Animate Photos in Photoshop & After Effects Part One

Animate Photos in Photoshop & After Effects Part One


Hey! Let’s animate some photos! [singing] Moovieboy! dah-dah-dah-dah! Ha ha h ha, hey! Moovieboy here!
Value statement value statement, Call-to-action, call-to-action, tagline!
You didn’t come here to hear me prattle on Did you? You came here to do stuff
like this: Oooooooh!
So, let’s go! The photos I’m going to be working with are part
of the movie I worked on last year, The Remarkable life of John Weld. The issue
with documentaries like this one is that typically you are in a lack of actual
video or film footage especially in historical documentaries. So they bring
in people like me to spruce up the photos they do have on hand. Whether it’s
adding color, dimension or movement. It doesn’t matter whether you’re working on
a photo from a hundred years ago or something you took yesterday the same
concepts are generally the same. Step one I show you two fingers.
Step one is of course to find a photo which sounds obvious but it’s meant that
you need to look for a photo that looks like something you can separate items in
the foreground and background and create a camera move through it. Any photo is
not going to work for this. Step two is you’re going to take that photo and
separate your foreground object from your background object or other layers
of objects if you have stuff that’s even closer or mid-ground objects in the
camera. Step two point five? After you’ve separated them then you need to clean up
the areas behind your foreground so you’re gonna have to clean up your
background. Step three is you will have to take your
elements and bring them into a compositing program like After Effects.
And step four, you will have to add some kind of camera movement to add depth and
animation to that original photo. Tadah! So let’s go! We have a photo of Pancho
Barnes, one of the early aviators in… Wow Speaking of aviators, living near an
airport [airplane roars overhead] you get a lot of airplanes. So, speaking
of airplanes, Pancho Barnes is an early female aviator in America’s history.
Unfortunately not as famous as Amelia Earhart but she’s in there.
Real straightforward. Camera comes in we are just closing in on the foreground
objects, our humans here and the plane in the background are just a simple
background. Now of course if you notice in this one their feet are sliding a
little bit but that wasn’t a big deal at that time. So here we are with the
original photo and it was you know pretty simple when it comes down to it.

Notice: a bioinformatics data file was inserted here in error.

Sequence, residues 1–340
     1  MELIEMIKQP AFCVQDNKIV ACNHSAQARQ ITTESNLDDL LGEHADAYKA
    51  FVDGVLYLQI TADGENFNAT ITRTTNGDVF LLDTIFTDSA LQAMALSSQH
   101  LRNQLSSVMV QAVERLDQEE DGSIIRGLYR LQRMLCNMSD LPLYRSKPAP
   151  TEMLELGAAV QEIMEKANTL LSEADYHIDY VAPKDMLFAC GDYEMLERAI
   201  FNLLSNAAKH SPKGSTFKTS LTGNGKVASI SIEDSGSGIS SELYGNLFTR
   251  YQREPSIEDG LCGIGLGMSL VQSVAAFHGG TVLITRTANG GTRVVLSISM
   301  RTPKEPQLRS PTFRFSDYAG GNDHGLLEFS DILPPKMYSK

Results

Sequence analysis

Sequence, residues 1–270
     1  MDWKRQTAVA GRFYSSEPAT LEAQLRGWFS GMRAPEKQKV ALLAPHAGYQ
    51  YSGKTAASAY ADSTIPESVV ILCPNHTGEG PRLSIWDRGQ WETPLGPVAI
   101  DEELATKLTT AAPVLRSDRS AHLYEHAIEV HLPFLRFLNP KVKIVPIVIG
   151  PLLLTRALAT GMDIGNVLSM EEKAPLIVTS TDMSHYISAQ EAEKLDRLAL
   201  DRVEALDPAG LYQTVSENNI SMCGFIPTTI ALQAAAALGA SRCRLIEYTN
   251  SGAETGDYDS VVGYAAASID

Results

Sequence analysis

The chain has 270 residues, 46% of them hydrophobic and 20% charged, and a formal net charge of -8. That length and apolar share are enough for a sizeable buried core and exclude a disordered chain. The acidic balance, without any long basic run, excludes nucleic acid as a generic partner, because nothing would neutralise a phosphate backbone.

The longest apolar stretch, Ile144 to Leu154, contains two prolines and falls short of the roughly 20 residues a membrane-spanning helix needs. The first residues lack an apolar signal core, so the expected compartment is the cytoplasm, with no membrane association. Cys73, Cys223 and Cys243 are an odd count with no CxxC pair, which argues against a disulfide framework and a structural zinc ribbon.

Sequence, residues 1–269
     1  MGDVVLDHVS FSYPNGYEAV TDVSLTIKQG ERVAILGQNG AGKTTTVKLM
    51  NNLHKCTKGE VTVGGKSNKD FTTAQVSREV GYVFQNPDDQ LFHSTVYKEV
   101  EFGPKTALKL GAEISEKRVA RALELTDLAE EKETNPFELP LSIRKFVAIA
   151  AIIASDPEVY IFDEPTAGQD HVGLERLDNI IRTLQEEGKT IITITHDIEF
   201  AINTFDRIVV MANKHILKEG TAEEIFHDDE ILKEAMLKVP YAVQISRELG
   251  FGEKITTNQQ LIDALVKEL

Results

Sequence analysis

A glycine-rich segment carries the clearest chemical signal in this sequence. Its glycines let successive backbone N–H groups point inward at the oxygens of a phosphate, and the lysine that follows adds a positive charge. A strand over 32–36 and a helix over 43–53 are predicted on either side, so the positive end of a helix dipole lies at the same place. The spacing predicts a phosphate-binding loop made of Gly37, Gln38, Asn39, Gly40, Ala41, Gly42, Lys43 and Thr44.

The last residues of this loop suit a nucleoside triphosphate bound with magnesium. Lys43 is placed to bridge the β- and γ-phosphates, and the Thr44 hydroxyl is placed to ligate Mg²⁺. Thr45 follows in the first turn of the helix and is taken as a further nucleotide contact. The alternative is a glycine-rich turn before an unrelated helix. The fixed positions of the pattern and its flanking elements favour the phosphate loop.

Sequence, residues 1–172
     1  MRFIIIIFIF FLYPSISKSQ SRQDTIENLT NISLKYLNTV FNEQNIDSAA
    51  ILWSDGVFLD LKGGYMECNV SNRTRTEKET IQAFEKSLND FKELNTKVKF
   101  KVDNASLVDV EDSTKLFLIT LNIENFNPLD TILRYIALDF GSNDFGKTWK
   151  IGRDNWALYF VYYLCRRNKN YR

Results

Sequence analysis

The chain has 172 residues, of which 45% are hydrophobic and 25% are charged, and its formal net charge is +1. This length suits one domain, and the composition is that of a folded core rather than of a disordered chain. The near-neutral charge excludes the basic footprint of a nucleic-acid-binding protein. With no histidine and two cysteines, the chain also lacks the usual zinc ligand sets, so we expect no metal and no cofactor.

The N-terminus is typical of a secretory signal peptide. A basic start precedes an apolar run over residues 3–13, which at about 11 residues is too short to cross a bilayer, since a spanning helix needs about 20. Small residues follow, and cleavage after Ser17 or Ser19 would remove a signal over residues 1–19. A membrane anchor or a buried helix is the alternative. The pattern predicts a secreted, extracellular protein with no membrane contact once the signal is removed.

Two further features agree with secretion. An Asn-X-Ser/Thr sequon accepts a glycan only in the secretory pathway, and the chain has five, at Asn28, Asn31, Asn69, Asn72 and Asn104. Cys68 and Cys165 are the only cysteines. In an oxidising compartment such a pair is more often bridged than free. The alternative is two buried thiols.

You’ve got your original and then using various masking techniques we cut out
our group here a lot of it was just some of the masking techniques that I teach
in other videos which I think I will indicate here! Good grief! Everyone’s trying to fly at the same time. Just stop! Stop it! Planes! The next big problem is you’re gonna have to clean up the background behind it. You
have to in this case remove these people because your camera move is going to
eventually expose the original foreground objects still glued to the
background image. You have to clean it up and in this case you have to use every
technique in the book. Now one of the big ones is one of my more popular videos
showing how to heal backgrounds in images. That’ll work a bit for simpler
backgrounds ones where you can use the content-aware fill to easily fill the
background area here. To give you an idea of what you need to do: Create a new
layer. Call it in this case we’re going to you know call it “cloner”
and we know we’ve we’ve already securely have our people separated so we don’t have
to worry about damaging anything. So, on the cloner layer you can go over here to
our stamp tool right there or we can hit the hotkey s to bring it out.
We’ll take maybe this part of it here come on down here. You know see how it
starts to ghost and that’ll give you an idea of whether you’ve lined it up properly
or if you’re off or not and when you think you’ve got it start painting it in.
And now see obviously you can see we are grabbing from here and pulling down this
part of the wing here so you got to be careful how you’re doing it and you’re
gonna have to do all kinds of stuff because obviously we have this one here. We’ve
got stuff there now of course you can clone off of other objects. Sometimes it
whelp.. nope the angle on this is too sharp. It’ll it’ll Bend like crazy. So
this is gonna be a lot more problematic. So maybe I just want to focus on cloning him out right there You will
have times where you have so little information to work off. You’re just
gonna have to do it piece by piec. The good news is in this case and we’ll
start right here before it starts intersecting with this plane here. So you
can already see how it’s so maybe we just add a little and then we just add a
little more and we add a little more but now we got this longer piece so now…
whoop… now we’ve got something that works far
better. Now, this is still roughing it. You can see some blending problems like what
I just did there. That is the grunt work of this when you’ve got something as
complex as an old biplane hidden behind people. But that’s what they pay you for
these projects or at least that’s what you better be getting paid for.
Alright so obviously you use cloning. I was using cloning on different parts of the engine
here to stretch things out. So whether it’s more of the engine to remove this
guy. Whether it’s deepening this shadow to remove this guy, you just start from
one end to the other work on cloning techniques, matching techniques
everything you can to get these people out. So that eventually, ladies and gentlemen,